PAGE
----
This article was co-published with Texas Monthly.
There’s a problem buried inside Texas’s latest election bill, and it’s not one of the headline-grabbing restrictions that have torn the Legislature apart during the special session. Nonetheless, it could disenfranchise a significant number of the state’s voters.
Amid all the fighting, most lawmakers have apparently overlooked a provision that would force counties to automatically reject some mail-in ballot applications. Here’s why: The Republican-authored legislation would require voters to submit either their driver’s license number or a partial Social Security number when applying to vote by mail. That number would then be cross-checked with the state’s voter-registration database. Most applicants would be fine, because almost 90 percent of all registered Texas voters have both their Social Security number and driver’s license number in the database. However, 1.9 million voters—about 11 percent of the total—have only one of the two numbers on file with the state.
During late-night testimony to a committee of the Texas House on July 10, Chris Davis, the elections administrator for Williamson County, explained that most of the voters with only one number on file wouldn’t remember which number they filed, often many years earlier, and would have to guess. “You have a 50 percent chance of the voter guessing wrong,” said Davis. Guess wrong and your application would be rejected, even if it’s been twenty years since you used your Social Security or driver’s license number to register to vote. “I challenge any person on the committee: do you remember what you filled out when you got your voter registration? I certainly don’t. And I’m in the business of this. And if [the numbers] don’t match, we’re rejecting.”
Some 11 percent of Texas voters cast their ballots by mail in 2020, so if that percentage held up in future elections, 209,000 of the 1.9 million voters with only one ID number on file with the state would be requesting mail-in ballots. If most of those voters are guessing which ID number to cite on their application, and they have a 50 percent chance of guessing correctly, then 104,500 of them would have their applications rejected. Some of these voters might find other ways to vote, including in person. But some with serious disabilities, or those who have to be out of state during the period when polls are open, would be out of luck.
Ever since the special legislative session began this month, a handful of local and state officials have tried in vain to call attention to the problem. But their pleas appear to have fallen on deaf ears. The night of the hearing, none of the fifteen House committee members—including six Democrats—asked Davis a question about the risks of ID-matching. Instead, they voted the bill out of committee with no changes. Two days later, the full Senate adopted a nearly identical companion bill, also with no discussion and no changes to the provision.
During the regular session, which stretched from January through May, Texas was the focus of international attention as Republicans tried to push through what voting rights groups and Democrats labeled voter suppression and Jim Crow 2.0, a reference to state laws, especially in the South, that discriminated against Blacks from the 1870s until the 1960s. In its final iteration, the proposal contained eleventh-hour provisions that would have limited Sunday voting and made it easier for judges to overturn elections. After Democrats left the Capitol during the final days of the session to deprive Republicans of the quorum required to pass legislation, the bill died and Governor Greg Abbott quickly called the Legislature back for the thirty-day special session currently underway.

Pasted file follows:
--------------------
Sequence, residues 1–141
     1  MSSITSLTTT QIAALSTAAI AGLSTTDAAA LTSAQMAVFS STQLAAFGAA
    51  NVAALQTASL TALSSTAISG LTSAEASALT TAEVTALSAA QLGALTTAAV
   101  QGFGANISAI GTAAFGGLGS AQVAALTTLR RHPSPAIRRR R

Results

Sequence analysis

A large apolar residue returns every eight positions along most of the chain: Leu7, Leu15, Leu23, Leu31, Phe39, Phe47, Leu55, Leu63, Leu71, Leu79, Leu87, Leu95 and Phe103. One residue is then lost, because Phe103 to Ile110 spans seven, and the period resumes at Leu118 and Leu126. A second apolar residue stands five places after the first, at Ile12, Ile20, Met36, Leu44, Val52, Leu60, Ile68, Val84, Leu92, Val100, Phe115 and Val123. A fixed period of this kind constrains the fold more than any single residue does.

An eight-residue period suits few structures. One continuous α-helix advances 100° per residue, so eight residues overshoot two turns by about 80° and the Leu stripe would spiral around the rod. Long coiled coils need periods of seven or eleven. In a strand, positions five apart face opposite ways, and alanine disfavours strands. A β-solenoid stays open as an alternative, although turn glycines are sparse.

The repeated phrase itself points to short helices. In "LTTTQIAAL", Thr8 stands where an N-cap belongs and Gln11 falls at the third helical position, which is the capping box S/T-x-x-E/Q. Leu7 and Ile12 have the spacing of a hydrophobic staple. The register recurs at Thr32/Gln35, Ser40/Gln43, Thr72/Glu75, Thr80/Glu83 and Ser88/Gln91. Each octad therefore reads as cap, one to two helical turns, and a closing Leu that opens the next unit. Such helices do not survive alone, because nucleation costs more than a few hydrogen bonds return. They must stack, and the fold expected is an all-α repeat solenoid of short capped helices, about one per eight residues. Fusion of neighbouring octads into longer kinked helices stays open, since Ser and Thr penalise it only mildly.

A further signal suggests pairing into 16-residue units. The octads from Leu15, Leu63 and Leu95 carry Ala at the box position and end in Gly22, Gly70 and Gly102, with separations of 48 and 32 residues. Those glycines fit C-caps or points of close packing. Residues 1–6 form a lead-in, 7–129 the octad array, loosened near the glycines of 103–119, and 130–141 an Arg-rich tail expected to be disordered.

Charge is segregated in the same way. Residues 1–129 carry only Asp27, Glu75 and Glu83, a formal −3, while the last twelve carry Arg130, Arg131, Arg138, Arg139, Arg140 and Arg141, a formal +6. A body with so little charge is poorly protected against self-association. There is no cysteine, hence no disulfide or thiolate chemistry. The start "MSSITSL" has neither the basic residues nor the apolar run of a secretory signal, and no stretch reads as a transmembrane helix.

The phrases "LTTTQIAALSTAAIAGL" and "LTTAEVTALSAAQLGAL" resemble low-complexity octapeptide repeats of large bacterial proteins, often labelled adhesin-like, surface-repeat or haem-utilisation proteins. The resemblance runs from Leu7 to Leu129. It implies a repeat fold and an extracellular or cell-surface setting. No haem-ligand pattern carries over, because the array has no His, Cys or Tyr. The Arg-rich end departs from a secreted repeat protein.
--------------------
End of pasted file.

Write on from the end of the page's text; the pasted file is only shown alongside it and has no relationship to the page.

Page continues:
Ultimately no Republicans involved in the crafting of the bill took responsibility for the last-minute additions, but leaders in the House and Senate pledged to keep the objectionable Sunday-voting and overturning-elections measures out of any future legislation. Less noticed were other flaws. First during the regular session and then again in the ongoing special session, the authors of the “election integrity” legislation increasingly weakened crucial guardrails protecting the security of mail ballots. In addition to the new ID-matching requirements, it now contains a flawed way for voters to “cure,” or fix, a rejected mail-in ballot.
Enrique Marquez, spokesperson for House Speaker Dade Phelan, declined to answer questions about why the House moved the bill forward without addressing the ID-matching and curing issues, nor would he say whether there was any specific plan for addressing these issues if the House Democrats return to Austin. “There are no bills that can be considered on the floor until Democrats return home,” Marquez wrote in an email. “However, House Bill 3 author Andrew Murr has repeatedly stated he will work with all his colleagues to make the best bill possible.” (Murr’s chief of staff said Murr was aware of the problem and “looked forward to working with colleagues about remedying concerns about how differing numbers could result in a ballot not being counted.”)
Davis said many Republicans have failed to listen to the complaints of election officials, ignoring suggestions for improvements to nonpartisan, process-related issues. “It’s just like ‘Who is steering this bus?’” Davis told me. “They are following the pattern of only listening to their ‘the steal is real’ base and not consulting with any county elections officers.”
Davis said that while he decided to testify before the House, he chose not to give testimony before the Senate because Bryan Hughes, a Mineola Republican who chairs the State Affairs Committee, had brushed him off so many times before. Davis said he reached out to Hughes’s office about the ID-matching problem multiple times, but never received confirmation that a fix was in the works. Two legislative staffers, one working for a Republican and one for a Democrat, confirmed that the Texas secretary of state’s office had also advised legislators that the ID-matching provision needed to contain a failsafe for voters who do not have both numbers in the registration system, but the changes were never made. The staffers requested anonymity because they were not authorized to speak about negotiations. “Why are [election administrators] going to waste our time testifying?” asked Davis, who was appointed to his nonpartisan job by the Williamson County Commissioners’ Court. “They don’t care what we have to say. They haven’t from the beginning.”